I wanted to have been there. I’d been a massive Jarre nerd all through high school. I was a fan of all that stuff. Mike Oldfield. Vangelis. Tomita. The Penguin Cafe Orchestra. If you asked me what music I was into then, I’d have told you “instrumental music”. I remember toting my library copy of Concerts in China round all my classes one day in second year, to a mixture of curiosity from fellow nerds and the usual slights from the usual snides, because I needed to take it back after school to renew the loan. I’m pretty sure it was that album that got me into his music generally.

If Britain in the 70s was dressed in beige and smelled like coal and fag smoke, it probably sounded like analogue synth. Everything on telly was scored by BBC Radiophonic Workshop which meant that everything from children’s maths programmes to family quiz shows to gritty suburban dramas sounded like a scary Doctor Who horrorscape. Jarre, on the contrary, managed to make music in the 70s that sounded like a future where everyone was nice to you. And in 1987, and probably later, it still sounded like the future. A nice future with nice tunes and nice men in nice suits.

I loved Oxygène, in fact, I still have the LP – which might have belonged to my brother. We both listened to it a lot when we were kids. Hearing it again, it has fared better with time than the execrable Live in Houston CD with its one-finger melodies and one-dimensional pomp. Oxygène‘s Moog-y atmospherics are 3D sound, they seem to come out into the room at you, probing the space around you. There’s a comfort to his blend of easy melody and ambient electronics. Nothing’s being challenged here. It’s music for a utopia, not a dystopia. Music you can paper your dreams of tomorrow with. Music that maybe takes you on a bit of an adventure.

Listening back to the Houston album, I’m rapidly bored. I try to watch the concert footage on youtube but it’s really only the sax solo that compels me to listen – interestingly, it’s the one acoustic instrument in the whole gig. The bombast and hype and 1.3million-people-shut-the-freeway-longest-tailback-in-history schtick wears very thin very quickly and is clearly of its moment. These days, stats like that just make you think of climate change and the dreadful inconvenience of it all.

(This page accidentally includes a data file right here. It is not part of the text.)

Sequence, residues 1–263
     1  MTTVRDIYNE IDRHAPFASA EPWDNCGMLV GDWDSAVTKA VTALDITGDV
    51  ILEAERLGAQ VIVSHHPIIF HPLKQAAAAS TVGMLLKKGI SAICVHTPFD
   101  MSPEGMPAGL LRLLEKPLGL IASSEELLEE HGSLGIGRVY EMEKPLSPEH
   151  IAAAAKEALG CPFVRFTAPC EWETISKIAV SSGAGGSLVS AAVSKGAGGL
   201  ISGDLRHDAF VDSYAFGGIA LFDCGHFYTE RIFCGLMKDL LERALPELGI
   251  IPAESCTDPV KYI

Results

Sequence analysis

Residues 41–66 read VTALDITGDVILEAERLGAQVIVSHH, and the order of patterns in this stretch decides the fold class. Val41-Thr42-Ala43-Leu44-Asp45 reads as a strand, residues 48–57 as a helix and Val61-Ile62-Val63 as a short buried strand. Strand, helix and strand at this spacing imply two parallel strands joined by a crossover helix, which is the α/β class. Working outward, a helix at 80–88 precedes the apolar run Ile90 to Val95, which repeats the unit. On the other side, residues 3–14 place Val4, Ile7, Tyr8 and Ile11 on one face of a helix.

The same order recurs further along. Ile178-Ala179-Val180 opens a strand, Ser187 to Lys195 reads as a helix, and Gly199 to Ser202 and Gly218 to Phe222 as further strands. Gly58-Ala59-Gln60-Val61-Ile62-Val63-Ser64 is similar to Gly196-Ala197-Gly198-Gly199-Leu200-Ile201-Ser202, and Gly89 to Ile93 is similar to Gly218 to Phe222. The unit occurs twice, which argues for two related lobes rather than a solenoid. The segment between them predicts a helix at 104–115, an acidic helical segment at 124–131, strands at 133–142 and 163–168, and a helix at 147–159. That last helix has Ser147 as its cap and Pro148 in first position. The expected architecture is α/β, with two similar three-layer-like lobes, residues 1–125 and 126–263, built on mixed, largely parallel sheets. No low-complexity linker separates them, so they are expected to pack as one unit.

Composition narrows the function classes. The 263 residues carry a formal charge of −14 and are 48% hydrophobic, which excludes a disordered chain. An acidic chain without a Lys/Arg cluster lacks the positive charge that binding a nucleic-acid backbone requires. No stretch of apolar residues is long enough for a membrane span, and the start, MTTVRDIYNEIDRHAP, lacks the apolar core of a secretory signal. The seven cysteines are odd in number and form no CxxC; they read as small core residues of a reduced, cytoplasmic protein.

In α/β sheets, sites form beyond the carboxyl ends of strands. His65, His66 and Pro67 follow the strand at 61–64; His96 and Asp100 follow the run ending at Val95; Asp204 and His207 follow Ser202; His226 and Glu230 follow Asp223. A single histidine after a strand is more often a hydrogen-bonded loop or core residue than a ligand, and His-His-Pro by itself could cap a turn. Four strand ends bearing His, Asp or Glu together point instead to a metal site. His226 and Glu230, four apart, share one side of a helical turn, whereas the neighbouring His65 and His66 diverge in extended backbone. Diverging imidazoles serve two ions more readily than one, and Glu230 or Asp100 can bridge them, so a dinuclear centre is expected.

Nonetheless, undeterred and still inspired by the radio interview I go digging and I’m curious to see that, far from playing in whatever unlikely places there are left for him to play in, Jarre has downsized considerably and is playing a tour of regular venues, including one they built in my hometown a few years ago, two miles away from where I’m writing this. I contemplate going, but I ask myself who I would most want to see Jean Michel Jarre with – and it’s obviously my brother. Who I seldom see. Because he lives in Paris. Which is the last gig on the tour.

I’m still not really sure what Jean Michel Jarre is for. Lots of people make electronic music that’s more interesting to listen to. Some do ambient electronics you never tire of. A few imagine possible futures you want to live in. Jarre’s latest couple of CDs sound like a desperate attempt by an aging star to get radio play by partnering up with a few hip hitsters, a bit like Sinatra once did with Duets.

But if all Jarre does is give me a reason to go hang out with my brother and talk about our own forgotten futures as we go to our first gig together for over 20 years then that’s reason enough for me: Rendezvous Paris.